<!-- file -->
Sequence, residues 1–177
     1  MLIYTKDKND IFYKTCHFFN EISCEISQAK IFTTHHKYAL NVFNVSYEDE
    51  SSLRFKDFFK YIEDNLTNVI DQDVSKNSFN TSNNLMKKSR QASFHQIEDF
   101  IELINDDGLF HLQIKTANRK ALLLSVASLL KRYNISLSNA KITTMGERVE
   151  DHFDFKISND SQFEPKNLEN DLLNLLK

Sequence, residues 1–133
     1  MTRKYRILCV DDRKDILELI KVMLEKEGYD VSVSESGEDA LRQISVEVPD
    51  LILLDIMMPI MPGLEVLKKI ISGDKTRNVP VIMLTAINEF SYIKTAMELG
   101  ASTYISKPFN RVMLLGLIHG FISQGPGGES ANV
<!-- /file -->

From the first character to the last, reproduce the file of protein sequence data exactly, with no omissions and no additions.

Sequence, residues 1–177
     1  MLIYTKDKND IFYKTCHFFN EISCEISQAK IFTTHHKYAL NVFNVSYEDE
    51  SSLRFKDFFK YIEDNLTNVI DQDVSKNSFN TSNNLMKKSR QASFHQIEDF
   101  IELINDDGLF HLQIKTANRK ALLLSVASLL KRYNISLSNA KITTMGERVE
   151  DHFDFKISND SQFEPKNLEN DLLNLLK

Sequence, residues 1–133
     1  MTRKYRILCV DDRKDILELI KVMLEKEGYD VSVSESGEDA LRQISVEVPD
    51  LILLDIMMPI MPGLEVLKKI ISGDKTRNVP VIMLTAINEF SYIKTAMELG
   101  ASTYISKPFN RVMLLGLIHG FISQGPGGES ANV